Energy Market Recap for the Week Ending January 17 , 2017

Share Article

More Canadian Crude Shipments Off West Coast Likely as Trans Mountain Expansion Meets B.C. Gov't

PIRA Energy Group

Another large reported commercial stock build of 13.4 million barrels last week with EIA re-benchmarking likely substantially contributing to the build.

NYC-based PIRA Energy Group reports that more Canadian crude shipments off the west coast likely as Trans Mountain Expansion meets B.C. government. In the U.S., a large stock build was reported with EIA re-benchmarking likely substantially contributing to the build. In Japan, crude runs rebounded back to near peak levels while crude imports fell back sufficiently to draw crude stocks. Specifically, PIRA’s analysis of the oil market fundamentals has revealed the following:

Large U.S. Stock Build

Another large reported commercial stock build of 13.4 million barrels last week with EIA re-benchmarking likely substantially contributing to the build. Four major products saw a big 12.7 million barrel inventory build while NGL stocks were down sharply again as refiners pumped up runs to the highest weekly level in years with refinery turnarounds about to start. Crude imports surged to over 9.0 MMB/D reflecting crude oil delayed by Gulf Coast fog and tax issues. This week’s data should return to normal but continued relatively high runs will lead to large light product builds while crude inventories should slightly decline.

Supply Weakness Aiding NYMEX Volatility

The moderate recovery that has taken place this week suggests a growing awareness of emerging structural tightness. Despite milder weather unfolding in January, U.S. balances remain tight, with the year-on-year storage deficit remaining largely intact relative to end December.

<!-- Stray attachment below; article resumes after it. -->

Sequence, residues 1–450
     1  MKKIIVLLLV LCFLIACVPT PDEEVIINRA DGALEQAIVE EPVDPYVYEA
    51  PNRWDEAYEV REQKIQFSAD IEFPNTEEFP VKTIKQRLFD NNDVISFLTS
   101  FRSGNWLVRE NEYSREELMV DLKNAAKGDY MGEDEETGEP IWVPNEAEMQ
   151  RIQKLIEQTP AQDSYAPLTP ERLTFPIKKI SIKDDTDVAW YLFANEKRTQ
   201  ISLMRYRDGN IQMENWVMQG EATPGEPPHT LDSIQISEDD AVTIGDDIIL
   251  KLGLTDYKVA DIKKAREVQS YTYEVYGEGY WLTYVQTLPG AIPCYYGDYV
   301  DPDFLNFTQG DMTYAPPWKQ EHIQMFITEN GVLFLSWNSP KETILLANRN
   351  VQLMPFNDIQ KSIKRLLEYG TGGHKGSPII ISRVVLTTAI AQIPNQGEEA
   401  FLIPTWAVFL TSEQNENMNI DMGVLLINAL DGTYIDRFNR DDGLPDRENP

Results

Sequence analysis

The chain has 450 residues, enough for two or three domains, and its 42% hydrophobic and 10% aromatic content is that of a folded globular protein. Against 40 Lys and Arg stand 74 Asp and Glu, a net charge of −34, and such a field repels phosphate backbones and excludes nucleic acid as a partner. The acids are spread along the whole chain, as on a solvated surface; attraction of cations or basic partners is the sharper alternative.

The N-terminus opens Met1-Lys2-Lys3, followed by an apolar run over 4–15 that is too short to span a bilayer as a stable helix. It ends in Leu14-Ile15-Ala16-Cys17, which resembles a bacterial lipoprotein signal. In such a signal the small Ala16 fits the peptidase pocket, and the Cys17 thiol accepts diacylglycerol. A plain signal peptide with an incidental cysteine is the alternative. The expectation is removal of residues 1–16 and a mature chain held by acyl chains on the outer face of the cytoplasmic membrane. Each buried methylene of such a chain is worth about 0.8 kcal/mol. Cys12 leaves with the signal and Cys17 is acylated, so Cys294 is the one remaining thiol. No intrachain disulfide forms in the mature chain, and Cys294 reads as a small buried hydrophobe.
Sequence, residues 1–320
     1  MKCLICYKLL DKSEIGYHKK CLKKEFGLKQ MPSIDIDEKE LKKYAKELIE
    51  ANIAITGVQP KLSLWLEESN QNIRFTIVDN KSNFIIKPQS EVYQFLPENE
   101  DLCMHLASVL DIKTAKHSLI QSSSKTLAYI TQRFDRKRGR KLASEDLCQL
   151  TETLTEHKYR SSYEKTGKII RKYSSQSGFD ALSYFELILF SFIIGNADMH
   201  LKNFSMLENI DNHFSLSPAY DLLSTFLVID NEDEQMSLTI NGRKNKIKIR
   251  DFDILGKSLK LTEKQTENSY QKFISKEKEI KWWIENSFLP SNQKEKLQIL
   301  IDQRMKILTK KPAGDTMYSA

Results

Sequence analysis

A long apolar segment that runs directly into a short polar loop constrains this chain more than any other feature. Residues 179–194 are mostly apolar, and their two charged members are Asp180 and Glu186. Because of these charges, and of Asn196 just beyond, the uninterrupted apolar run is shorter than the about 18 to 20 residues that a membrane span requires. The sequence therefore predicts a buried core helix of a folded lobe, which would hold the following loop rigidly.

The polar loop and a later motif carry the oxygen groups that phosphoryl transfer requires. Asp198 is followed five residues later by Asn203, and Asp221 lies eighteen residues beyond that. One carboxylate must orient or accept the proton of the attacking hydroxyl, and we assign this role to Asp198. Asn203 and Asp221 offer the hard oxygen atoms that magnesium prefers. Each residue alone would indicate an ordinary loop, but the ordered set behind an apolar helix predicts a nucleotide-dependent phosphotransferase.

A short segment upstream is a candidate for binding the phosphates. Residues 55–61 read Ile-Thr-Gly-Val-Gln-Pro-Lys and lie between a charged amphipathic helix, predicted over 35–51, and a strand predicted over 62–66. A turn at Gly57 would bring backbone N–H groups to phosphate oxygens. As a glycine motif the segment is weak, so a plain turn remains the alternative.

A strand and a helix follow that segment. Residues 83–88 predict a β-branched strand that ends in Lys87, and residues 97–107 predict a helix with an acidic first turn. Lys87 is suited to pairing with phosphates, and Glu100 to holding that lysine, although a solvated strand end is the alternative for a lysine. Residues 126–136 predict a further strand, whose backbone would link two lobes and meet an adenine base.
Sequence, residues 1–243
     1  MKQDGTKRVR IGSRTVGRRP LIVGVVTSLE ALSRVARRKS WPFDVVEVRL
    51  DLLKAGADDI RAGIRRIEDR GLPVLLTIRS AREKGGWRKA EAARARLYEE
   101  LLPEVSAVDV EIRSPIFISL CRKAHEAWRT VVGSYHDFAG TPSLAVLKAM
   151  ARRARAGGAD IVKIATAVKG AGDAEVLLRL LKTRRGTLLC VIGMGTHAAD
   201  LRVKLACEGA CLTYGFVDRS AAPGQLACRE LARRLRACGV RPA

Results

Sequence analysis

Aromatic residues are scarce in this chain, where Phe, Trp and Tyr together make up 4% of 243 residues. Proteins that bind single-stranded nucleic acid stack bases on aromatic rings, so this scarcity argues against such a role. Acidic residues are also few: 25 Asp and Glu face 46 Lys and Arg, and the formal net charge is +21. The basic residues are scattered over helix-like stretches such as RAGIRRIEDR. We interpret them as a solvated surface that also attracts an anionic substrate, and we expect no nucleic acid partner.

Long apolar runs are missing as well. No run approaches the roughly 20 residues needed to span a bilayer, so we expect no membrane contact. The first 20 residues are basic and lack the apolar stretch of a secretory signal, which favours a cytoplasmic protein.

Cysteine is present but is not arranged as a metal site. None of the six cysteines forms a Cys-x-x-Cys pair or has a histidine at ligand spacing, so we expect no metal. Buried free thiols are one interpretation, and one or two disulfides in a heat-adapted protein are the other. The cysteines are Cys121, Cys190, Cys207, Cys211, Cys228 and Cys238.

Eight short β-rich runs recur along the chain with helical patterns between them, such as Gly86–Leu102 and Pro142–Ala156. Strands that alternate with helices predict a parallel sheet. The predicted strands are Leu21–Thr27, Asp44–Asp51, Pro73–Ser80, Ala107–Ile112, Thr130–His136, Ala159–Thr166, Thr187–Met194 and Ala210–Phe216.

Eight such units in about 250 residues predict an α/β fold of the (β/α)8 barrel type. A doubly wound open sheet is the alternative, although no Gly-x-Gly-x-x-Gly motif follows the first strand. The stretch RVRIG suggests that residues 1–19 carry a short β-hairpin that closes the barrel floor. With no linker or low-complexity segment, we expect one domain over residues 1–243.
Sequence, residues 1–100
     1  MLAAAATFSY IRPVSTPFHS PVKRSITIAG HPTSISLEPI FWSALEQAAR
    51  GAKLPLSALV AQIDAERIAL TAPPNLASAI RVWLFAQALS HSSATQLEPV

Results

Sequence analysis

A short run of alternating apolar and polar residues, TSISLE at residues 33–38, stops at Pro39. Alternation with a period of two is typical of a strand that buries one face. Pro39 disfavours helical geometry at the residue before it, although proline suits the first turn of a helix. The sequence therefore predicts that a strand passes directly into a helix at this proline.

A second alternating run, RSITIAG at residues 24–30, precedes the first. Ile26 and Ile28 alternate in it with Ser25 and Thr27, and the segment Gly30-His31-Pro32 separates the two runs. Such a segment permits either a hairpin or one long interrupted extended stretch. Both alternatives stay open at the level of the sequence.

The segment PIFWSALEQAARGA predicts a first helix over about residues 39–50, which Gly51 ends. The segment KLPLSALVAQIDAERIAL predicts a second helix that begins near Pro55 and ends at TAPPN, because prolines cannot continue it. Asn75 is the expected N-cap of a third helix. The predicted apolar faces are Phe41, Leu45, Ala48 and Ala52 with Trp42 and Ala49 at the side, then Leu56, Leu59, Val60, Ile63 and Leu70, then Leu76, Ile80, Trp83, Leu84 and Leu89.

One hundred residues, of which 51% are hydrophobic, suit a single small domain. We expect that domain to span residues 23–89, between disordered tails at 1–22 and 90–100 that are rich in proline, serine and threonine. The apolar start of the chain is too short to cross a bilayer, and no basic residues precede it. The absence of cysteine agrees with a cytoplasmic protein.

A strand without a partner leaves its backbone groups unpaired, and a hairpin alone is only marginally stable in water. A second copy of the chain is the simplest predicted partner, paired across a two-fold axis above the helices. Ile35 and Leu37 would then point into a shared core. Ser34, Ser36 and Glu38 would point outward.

As the French Market Enters a Critically Tight Week, Spanish Market Stays Bullish

The French market will see its system adequacy severely tested this upcoming week, as demand is expected to shatter the previous highs reached this winter. Even with all the interconnectors importing at full capacity (11.7 GW), France might be looking at a shortfall of roughly 4 GW at the time of maximum demand on Jan. 19, which might trigger the need to implement exceptional measures to balance the system. Frigid weather conditions are also expected to affect most of Western Europe, with Spain also seeing very bullish short-term power prices.

U.S. Ethanol Prices and Margins Plummet the Week Ending January 6

RIN prices declined but recovered after assurances that the Trump Administration will support the RFS. Brazil became a net exporter of ethanol in the fourth quarter. European ethanol and manufacturing margins surged.

California Prices Jump, While Ontario Market Program Launches

CCA prices are up sharply with the new auction floor, but regulatory uncertainty limits the upward potential of prices. The upcoming lawsuit hearing could result in a decision prior to the next auction in Feb. This, along with fossil units’ operational concerns, have drained interest in longer-term hedging. Particularly strong hydro generation in 2017 should displace gas-fired generation, but despite allowance surpluses, regulated emitters will still need to procure instruments for compliance with 2017 emissions. Offsets are a wildcard – sources are on track to use only about half of allowable offsets and environmental justice concerns could result in usage restrictions. The start of Ontario’s cap and trade program have not seen trades and carbon prices, but a cost of carbon is already being reflected in wholesale power. Free allowance allocation and the first Ontario auction in Mar. could jump start trading.

Industrial Momentum Is Rolling, While Negative Risks Stay in Check

The expected growth-enhancing and reflationary policy stance of the Trump administration, or Trumponomics, has boosted U.S. growth prospects. But by attracting global capital flows into the U.S., Trumponomics has the potential to destabilize financial market conditions in emerging economies. So far, emerging markets have exhibited resilience, but the situation will have to be carefully monitored. Most key economies reported better-than-expected manufacturing data in recent days, and year-on-year growth in global industrial production accelerated sharply in November.

Coal Prices Rebound on Atlantic Basin Rally